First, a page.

THE SECOND story in our look at today’s dating scene is a much darker animal: “Cat Doctor” by D.C. Miller. Ostensibly a response to The New Yorker‘s recent Kristen Roupenian story “Cat Person,” it’s more than that– it’s a look at the malaise of the West’s current intellectual class. People who believe in nothing– not even themselves. Whose ideological inanities, post-conceptual art and postmodern literature are an expression of nothing. Representations of the void at the center of their lives. A world in which the villains aren’t men or women, but everyone.

Appropriately, the story is set in Berlin, a city forever on the cutting edge of the end of Western civilization. Last stop before the nightmare of gotterdammerung and oblivion.

It was a catchy statement, and she liked it, but she wasnt certain where to take it, whether it was true or not, and even if it was, what it would imply. She heard the sound of someone sighing audibly, like an echo from another room, and for a moment felt confused, before she realized it was her.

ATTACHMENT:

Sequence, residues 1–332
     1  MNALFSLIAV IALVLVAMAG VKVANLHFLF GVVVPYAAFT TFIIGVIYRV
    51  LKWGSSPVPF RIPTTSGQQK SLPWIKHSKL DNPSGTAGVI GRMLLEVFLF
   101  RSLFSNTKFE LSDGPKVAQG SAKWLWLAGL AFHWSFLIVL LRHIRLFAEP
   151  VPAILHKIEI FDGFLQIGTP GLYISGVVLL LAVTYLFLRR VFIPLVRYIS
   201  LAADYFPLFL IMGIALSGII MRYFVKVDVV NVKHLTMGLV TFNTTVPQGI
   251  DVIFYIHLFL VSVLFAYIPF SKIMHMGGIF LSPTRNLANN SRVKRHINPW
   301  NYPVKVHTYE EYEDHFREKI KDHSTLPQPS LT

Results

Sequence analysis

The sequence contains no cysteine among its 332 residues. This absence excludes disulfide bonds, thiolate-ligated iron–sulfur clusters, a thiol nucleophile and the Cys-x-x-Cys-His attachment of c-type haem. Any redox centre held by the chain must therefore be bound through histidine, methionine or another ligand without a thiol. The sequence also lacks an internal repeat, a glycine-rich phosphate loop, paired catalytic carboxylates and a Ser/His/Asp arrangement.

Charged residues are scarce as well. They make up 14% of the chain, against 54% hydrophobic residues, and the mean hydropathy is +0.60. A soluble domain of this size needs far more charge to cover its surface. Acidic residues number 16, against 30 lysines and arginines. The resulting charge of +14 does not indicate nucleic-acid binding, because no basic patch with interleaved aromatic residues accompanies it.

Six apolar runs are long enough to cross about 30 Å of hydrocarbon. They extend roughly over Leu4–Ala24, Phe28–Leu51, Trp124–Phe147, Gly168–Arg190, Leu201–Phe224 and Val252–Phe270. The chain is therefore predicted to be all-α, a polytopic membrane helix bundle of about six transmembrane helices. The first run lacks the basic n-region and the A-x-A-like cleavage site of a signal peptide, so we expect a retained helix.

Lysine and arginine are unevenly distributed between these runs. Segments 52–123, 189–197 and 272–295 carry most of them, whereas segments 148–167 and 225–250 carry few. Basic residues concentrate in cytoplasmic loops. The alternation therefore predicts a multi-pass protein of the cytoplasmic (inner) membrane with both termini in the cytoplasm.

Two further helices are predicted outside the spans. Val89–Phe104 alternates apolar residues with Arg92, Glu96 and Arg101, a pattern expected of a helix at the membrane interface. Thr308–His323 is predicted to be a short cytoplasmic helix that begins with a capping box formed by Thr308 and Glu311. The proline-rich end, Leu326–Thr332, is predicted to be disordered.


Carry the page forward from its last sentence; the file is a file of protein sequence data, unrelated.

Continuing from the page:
edvard-munch-sjalusi-i-badet-(jealousy-in-the-bath)

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IN THE FACE of such a pessimistic, albeit truthful, examination of relations between men and women, of ideas and culture, we remain optimists. We believe the culture will turn over because it has to turn over– it’s at a dead end, with nowhere to go but to scrap the present and embrace another direction.
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(Featured painting: “The Night” by Max Beckmann. Other: “Sjalusi i Badet” by Edvard Munch.)

Fiction: Death, Dying, Grief

Pop Lit Fiction

READERS enjoy stories which deliver an emotional punch. This is not all that stories can do, but it’s one of the things stories can do.

It might take the writer 500 pages in a novel to deliver the impact. Or it might take a shorter time period– which is what the short story is about. Condensed emotion. Concentrated impact.

Our current story, “Racquetball” by Don Waitt, condenses many things into a small narrative space. Families, history, loss. Less can be more. Take a look.